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I LOVE JESUS, BUT I WANT TO DIE
Loving God and praying for healing are not guaranteed methods for curing depression. Take it from someone who’s been there and is now offering a hopeful, shame-free path for others who struggle with mental illness.
“I Love Jesus, But I Want to Die is a one-of-a-kind book...This is a book to read for yourself or give to a struggling friend or loved one without the fear that depression and suicidal thoughts will be minimized, medicalized, or over- spiritualized.” —Kay Warren, cofounder of Saddleback Church
COLORADO SPRINGS, Colo. – In the wake of a year that brought increased cases of anxiety and mental illness, comes a needed resource titled I Love Jesus, but I Want to Die: Finding Hope in the Darkness of Depression (WaterBrook, May 11, 2021), by Sarah J. Robinson, named after the viral article she wrote with over 500K views. In this heartfelt, deeply personal book, Robison draws from her own fight with depression and her decade of experience in ministry and in the mental health field to help readers fight for wholeness and cultivate joy.
In a reversal from the often unstated rule that we must always act as though we have it all together, Robinson offers a healthy, practical, and shame-free guide for Christians struggling with mental illness.
With unflinching honesty, she shares her story of battling depression and fighting to stay alive despite toxic theology that made her afraid to seek help outside the church.
Robinson understands that brokenness in our world shows up in a million shattered ways—from sickness and trauma to betrayal and grief. Some suffer due to the inherent biology of belonging to a family with a long line of mental illness. Others live with the fallout of harmful choices others made. And many endure the heavy waves of grief that are sure to come with great loss.
In a soothing, gentle voice, Robinson assures readers that this is a journey, and that wherever they are right now, it’s okay. “In the midst of the ache, cling to this truth,” writes Robinson. “There is nothing wrong with you. You have nothing to be ashamed of. And even in the darkest night, there is hope.”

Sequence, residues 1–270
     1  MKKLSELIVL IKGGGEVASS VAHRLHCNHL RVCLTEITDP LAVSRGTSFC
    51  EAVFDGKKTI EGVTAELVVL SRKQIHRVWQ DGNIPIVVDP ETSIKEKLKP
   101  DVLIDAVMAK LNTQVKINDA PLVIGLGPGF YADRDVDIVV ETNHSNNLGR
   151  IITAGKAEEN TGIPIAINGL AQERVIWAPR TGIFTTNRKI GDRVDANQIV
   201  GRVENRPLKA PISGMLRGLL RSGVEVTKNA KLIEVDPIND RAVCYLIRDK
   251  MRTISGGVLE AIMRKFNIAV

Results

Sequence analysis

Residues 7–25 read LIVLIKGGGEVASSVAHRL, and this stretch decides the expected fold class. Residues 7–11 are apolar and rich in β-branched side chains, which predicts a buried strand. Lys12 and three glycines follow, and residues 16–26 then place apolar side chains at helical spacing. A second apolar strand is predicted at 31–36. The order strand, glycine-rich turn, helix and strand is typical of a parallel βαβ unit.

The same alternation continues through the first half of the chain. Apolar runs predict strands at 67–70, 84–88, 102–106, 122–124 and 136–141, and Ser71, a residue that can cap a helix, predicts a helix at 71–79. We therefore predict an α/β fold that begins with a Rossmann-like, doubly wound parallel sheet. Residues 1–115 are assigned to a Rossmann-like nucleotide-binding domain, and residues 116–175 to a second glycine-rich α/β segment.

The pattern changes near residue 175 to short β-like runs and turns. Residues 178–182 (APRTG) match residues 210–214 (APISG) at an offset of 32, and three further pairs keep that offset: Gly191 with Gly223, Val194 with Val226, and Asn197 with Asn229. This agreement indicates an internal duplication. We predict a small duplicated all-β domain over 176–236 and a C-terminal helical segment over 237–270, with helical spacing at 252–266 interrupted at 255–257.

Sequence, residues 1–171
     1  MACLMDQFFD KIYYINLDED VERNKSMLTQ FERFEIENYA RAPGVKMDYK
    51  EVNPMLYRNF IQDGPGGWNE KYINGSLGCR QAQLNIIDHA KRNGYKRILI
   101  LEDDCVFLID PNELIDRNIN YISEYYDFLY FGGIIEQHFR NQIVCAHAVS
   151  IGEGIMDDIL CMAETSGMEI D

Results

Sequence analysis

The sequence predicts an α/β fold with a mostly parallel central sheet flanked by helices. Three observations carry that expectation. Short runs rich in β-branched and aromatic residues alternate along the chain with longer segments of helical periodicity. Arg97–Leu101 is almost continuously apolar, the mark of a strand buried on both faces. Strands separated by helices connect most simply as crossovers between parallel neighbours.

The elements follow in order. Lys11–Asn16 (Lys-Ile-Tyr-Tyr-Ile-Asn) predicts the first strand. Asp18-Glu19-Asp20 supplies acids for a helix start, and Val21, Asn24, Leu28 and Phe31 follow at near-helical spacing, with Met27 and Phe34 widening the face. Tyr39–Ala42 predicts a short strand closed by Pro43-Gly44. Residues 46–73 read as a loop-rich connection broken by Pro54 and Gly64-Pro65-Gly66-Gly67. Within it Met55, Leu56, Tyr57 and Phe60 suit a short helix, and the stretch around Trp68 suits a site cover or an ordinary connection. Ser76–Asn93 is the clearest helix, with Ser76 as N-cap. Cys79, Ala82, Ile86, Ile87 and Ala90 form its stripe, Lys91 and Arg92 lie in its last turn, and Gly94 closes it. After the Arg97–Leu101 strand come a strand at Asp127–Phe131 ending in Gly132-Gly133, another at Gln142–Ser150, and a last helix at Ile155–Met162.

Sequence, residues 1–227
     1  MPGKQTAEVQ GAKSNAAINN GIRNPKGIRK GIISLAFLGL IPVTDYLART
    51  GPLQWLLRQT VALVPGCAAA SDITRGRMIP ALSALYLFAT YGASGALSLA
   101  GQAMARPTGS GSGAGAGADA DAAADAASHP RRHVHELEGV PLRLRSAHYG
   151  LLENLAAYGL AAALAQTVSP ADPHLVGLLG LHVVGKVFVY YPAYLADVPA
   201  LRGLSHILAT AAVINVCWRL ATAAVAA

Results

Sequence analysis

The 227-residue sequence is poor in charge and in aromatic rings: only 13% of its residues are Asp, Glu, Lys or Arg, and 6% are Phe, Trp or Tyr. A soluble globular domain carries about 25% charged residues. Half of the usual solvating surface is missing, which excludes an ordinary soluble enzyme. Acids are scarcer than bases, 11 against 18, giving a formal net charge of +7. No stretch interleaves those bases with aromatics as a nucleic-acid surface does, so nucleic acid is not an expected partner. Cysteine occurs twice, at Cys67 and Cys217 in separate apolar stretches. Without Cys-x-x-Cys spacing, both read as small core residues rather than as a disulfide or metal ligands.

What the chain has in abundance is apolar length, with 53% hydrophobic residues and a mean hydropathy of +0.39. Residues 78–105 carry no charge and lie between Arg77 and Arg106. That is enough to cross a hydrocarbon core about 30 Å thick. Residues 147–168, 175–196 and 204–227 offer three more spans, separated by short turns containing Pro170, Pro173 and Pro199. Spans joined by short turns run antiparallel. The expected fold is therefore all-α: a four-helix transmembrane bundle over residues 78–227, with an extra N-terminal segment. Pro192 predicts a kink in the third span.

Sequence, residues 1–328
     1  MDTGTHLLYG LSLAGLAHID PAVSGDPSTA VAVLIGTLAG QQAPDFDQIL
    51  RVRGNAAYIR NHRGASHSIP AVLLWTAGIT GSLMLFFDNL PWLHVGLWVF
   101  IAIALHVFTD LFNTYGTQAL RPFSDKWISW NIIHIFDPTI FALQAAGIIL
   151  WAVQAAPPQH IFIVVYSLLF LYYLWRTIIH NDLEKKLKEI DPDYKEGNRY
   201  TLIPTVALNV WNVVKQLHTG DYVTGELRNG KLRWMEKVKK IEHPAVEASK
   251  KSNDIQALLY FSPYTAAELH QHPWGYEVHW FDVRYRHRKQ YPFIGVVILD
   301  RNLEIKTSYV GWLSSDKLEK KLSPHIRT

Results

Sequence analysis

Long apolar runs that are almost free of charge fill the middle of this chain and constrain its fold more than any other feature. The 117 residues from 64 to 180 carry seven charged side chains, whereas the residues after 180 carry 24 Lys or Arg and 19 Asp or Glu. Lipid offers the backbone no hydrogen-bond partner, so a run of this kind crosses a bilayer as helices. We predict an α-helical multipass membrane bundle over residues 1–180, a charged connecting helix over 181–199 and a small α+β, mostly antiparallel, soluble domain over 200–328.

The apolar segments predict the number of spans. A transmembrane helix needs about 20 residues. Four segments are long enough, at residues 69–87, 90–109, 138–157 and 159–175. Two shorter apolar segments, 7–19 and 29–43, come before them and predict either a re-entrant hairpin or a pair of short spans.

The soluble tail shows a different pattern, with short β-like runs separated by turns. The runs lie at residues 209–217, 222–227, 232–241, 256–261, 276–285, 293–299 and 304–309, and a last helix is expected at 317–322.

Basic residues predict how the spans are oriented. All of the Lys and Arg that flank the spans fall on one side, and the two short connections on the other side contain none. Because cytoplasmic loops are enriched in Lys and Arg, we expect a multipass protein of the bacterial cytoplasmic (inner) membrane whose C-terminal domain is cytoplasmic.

Chapter topics include:
• Loving Jesus Doesn’t Cure You
• People Say Terrible Things (But We Still Need Them)
• The Darkness May Always Be There
• Living with a Limp
• When Provision Comes in a Pill
• Ruthless with Self-Care
• Good Therapy and Doing the Work
As depression and anxiety cases rise, this book offers learnable skills such as meditation/prayer, a growth mindset (training the brain) of replacing bad and harmful thoughts, practicing gratitude, learning to nourish and cherish the body with healthy eating, quality sleep, and exercise.
“I’ve had lifelong depression and anxiety. Over the years, I’ve attempted suicide and used self- harm to cope with the pain. Even now, I still have hard days and weeks. But in spite of all that, my life is marked by genuine peace and even joy, because I’ve learned how to care well for myself. I’ve realized what God really thinks and feels about me and my struggles, and I’ve found how I can support my brain and body to experience more joy and contentment,” writes Robinson. “Now, when hard days come, I know I can ride the waves of depression without drowning under them. That’s what this book is all about. This book won’t cure you. It won’t fix everything for you (believe me, I wish it could). But it can help you find a path to a rich, fulfilling life despite living with severe depression.”